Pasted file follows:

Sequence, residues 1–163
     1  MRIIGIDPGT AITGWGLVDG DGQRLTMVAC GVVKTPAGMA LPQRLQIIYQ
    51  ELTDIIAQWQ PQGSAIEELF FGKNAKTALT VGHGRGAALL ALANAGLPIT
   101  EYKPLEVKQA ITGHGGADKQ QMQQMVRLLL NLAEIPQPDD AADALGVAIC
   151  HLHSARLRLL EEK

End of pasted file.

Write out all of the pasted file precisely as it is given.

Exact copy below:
Sequence, residues 1–163
     1  MRIIGIDPGT AITGWGLVDG DGQRLTMVAC GVVKTPAGMA LPQRLQIIYQ
    51  ELTDIIAQWQ PQGSAIEELF FGKNAKTALT VGHGRGAALL ALANAGLPIT
   101  EYKPLEVKQA ITGHGGADKQ QMQQMVRLLL NLAEIPQPDD AADALGVAIC
   151  HLHSARLRLL EEK